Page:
In 1948, Jim Simpkins visited the offices of Maclean’s to pitch himself as a regular cartoonist. Simpkins had studied at the Winnipeg School of Art under Group of Seven artist LeMoine FitzGerald, and was one of the original artists hired by the National Film Board, where he worked full-time for 16 years. A Maclean’s editor asked if he would be willing to develop a “distinctively Canadian” animal character for the magazine. They eventually settled on a black bear; another editor came up with the name Jasper. Simpkins submitted about 35 samples. Maclean’s bought six—“That was the first hint I had of what the bear was going to do to me,” Simpkins later recounted.
Jasper not only became a regular feature in Maclean’s, appearing in hundreds of single-panel gag cartoons, he even appeared on a handful of covers, over the next two decades. In 1962, the bear was adopted as the official mascot of Jasper National Park, where a statue of him, four times larger than life, continues to greet visitors today. When not hibernating, the eponymous star of Jasper, a black bear with a loveable air of superiority, enjoyed playing the prankster with campers, swiping a slingshot to raid a bees’ nest or scooping a diver out of the water to steal his speared fish. At his peak, he appeared on a dizzying array of merchandise, including caps, balls, spoons, greeting cards and patches.
Jasper’s creator was just inducted into the Giants of the North, a hall of fame for Canadian cartoonists, overseen by the organizers of the annual Doug Wright Awards. “When you think of Simpkins’ impact in terms of that character, he’s very iconic,” says Brad Mackay, director and co-founder, along with the cartoonist Seth, of the Wright Awards. “Maybe even more than Doug Wright.”
It’s easy to forget that comics were once ubiquitous in the pages of consumer and trade magazines, and Canada fostered several, including Jimmie Frise’s Birdseye Center and Doug Wright’s Nipper. But none, arguably, were as popular as Simpkins’ Jasper.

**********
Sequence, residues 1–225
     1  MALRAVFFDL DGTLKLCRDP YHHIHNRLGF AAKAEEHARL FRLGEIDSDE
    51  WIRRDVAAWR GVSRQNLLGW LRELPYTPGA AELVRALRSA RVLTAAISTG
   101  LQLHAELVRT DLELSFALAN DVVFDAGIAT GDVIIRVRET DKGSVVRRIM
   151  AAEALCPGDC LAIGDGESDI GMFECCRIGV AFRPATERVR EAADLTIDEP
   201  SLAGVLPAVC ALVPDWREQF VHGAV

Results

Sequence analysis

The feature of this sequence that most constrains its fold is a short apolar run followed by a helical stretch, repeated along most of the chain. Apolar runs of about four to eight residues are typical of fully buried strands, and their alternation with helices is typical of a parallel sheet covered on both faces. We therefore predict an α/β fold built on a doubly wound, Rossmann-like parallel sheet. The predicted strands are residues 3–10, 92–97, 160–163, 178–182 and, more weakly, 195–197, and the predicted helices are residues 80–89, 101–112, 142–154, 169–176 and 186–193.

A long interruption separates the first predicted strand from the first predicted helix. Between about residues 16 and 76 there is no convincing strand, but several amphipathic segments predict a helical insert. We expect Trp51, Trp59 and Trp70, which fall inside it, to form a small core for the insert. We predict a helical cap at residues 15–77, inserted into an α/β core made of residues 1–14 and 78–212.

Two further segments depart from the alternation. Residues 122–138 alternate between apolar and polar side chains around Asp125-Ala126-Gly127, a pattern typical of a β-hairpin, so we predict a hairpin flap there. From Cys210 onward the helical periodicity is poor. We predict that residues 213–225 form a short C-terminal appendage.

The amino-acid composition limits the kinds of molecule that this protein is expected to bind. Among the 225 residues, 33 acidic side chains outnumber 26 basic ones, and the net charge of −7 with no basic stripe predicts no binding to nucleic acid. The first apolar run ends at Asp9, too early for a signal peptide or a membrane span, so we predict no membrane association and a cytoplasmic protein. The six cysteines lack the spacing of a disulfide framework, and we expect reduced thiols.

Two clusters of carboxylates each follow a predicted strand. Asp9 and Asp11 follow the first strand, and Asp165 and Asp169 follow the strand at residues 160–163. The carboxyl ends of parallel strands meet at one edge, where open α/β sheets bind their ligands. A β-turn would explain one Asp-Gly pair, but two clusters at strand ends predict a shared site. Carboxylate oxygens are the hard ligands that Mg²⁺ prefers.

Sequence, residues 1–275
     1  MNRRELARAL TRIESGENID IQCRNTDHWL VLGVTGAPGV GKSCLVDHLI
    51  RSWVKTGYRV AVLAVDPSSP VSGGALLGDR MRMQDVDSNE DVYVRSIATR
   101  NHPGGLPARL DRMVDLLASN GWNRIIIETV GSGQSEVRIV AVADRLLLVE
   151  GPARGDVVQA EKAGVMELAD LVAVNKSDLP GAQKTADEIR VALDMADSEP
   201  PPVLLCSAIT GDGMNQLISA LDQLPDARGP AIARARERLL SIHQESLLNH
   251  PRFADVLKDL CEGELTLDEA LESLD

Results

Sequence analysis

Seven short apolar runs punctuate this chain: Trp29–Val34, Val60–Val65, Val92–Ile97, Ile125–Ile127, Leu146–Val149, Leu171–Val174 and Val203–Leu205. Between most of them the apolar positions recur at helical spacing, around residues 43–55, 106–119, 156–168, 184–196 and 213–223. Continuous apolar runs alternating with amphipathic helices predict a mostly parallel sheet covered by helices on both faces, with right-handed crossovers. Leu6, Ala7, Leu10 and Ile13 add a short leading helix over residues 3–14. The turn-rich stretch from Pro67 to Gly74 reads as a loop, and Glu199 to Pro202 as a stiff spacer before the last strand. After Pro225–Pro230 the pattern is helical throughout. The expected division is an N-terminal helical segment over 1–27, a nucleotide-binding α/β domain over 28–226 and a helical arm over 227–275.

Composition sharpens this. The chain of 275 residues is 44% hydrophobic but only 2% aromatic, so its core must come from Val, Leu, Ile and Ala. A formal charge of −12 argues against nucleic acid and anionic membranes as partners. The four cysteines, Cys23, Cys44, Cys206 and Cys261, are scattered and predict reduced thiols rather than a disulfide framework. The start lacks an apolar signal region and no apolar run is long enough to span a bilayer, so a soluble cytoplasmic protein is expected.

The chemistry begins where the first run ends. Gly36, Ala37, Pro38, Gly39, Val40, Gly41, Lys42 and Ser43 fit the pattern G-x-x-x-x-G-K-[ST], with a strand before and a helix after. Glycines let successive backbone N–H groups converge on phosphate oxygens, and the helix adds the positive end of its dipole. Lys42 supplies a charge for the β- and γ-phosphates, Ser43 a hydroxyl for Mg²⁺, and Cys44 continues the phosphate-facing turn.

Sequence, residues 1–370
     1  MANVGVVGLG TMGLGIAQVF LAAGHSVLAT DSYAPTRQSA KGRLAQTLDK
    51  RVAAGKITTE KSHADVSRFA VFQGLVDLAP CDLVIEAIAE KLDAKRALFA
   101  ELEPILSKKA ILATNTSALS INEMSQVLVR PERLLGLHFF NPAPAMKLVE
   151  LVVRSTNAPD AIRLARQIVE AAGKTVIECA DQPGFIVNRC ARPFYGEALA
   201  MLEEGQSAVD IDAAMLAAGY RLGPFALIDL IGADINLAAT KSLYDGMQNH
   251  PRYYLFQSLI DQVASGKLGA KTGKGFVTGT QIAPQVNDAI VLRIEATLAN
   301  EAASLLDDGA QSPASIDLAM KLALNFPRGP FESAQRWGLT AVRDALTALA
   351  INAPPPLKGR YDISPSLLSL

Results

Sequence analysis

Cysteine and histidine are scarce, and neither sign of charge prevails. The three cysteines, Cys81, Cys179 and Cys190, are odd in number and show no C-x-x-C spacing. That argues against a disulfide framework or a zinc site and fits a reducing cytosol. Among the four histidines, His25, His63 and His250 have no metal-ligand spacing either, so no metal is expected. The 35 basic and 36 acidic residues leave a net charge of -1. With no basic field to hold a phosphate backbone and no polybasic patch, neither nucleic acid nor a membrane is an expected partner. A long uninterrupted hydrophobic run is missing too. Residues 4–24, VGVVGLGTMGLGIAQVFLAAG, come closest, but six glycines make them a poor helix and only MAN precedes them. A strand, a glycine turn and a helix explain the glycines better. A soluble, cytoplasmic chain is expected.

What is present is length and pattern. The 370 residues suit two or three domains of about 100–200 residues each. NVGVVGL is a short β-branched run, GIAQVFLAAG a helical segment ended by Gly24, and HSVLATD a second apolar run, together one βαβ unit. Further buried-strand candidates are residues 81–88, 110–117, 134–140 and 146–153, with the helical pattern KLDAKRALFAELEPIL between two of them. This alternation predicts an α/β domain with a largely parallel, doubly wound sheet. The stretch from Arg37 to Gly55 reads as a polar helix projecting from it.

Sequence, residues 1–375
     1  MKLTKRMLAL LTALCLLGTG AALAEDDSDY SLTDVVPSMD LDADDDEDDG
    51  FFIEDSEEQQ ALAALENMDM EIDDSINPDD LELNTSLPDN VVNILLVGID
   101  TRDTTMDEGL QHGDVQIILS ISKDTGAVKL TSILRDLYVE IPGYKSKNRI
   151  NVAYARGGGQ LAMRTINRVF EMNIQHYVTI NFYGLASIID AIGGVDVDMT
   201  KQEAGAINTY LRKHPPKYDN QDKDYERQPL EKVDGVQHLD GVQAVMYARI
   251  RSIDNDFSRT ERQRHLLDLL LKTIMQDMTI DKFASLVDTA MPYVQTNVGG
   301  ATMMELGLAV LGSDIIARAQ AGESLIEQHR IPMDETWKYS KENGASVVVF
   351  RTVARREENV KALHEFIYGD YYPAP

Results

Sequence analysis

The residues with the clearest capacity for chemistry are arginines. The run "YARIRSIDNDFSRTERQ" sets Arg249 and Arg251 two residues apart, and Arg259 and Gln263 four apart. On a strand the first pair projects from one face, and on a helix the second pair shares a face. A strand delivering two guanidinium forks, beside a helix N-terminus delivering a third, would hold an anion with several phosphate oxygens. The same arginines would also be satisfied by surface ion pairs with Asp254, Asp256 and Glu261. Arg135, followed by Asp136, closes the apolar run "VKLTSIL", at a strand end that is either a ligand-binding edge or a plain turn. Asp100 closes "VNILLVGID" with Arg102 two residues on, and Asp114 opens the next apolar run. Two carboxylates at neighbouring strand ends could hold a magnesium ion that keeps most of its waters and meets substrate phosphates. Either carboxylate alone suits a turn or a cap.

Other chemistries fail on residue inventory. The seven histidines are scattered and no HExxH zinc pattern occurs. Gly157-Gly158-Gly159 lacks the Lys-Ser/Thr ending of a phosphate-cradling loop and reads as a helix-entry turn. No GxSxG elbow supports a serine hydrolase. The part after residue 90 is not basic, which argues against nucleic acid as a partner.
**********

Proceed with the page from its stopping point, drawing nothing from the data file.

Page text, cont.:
Jasper aside, James Nathaniel (Jim) Simpkins, born in Winnipeg in 1910, was a prolific commercial illustrator, drawing a postage stamp, advertisements and a regular strip in the Montreal Gazette (titled Simpkins’ Montreal). His early career included cartoons for The Beaver (now known as Canada’s History) when it was the in-house magazine for the Hudson’s Bay Co., and he did monthly cartoons for The Medical Post, which were collected in the book When’s the Last Time You Cleaned Your Navel? But none of his work defined him as Jasper did.
Simpkins’s Jasper strips were collected into several books, and the toy manufacturer Irwin even licensed Jasper’s likeness for a line of products. Jasper did TV commercials for the Boy Scouts, and could be seen on a park safety poster spanking a camper as a warning against the dangers of getting too close to bears. In 1968, Jasper broke free of his single panel, leaving Maclean’s for a life as a syndicated newspaper star until Simpkins’s retirement in 1972. Author and former Maclean’s editor Peter C. Newman once said Jasper captured the national character so well, “some day we may even change our national emblem from a beaver to a bear.”
In a reflective piece Simpkins wrote for Maclean’s in 1963, he implied feeling trapped and overshadowed by Jasper’s success: “Jasper spends most of the winter hibernating comfortably in a cave but keeps me prisoner in a cave of my own all year, desperately trying to think up new triumphs for him to enjoy.” But those who met him say this was a playful front. “I think he was enormously proud of the character,” says Seth. Seth visited Simpkins at his Dundas, Ont., retirement home in 2003, the year before his death. “The old folks’ home was papered with his cartoons,” Seth says. “He had a very big picture in his room of Pierre Trudeau hugging Jasper. Even the elevator had about 20 originals in it. I think he was proud that the work had some kind of cultural cachet.”
During his speech inducting Simpkins earlier this month, Seth noted that no artist’s fame is big enough to not eventually be erased by the passage of time. For someone whose work was as ephemeral as Simpkins’s, that’s certainly true. But considering the number of young cartoonists in attendance during the ceremony, the memory of Simpkins, and Jasper, seems safe for at least one more generation.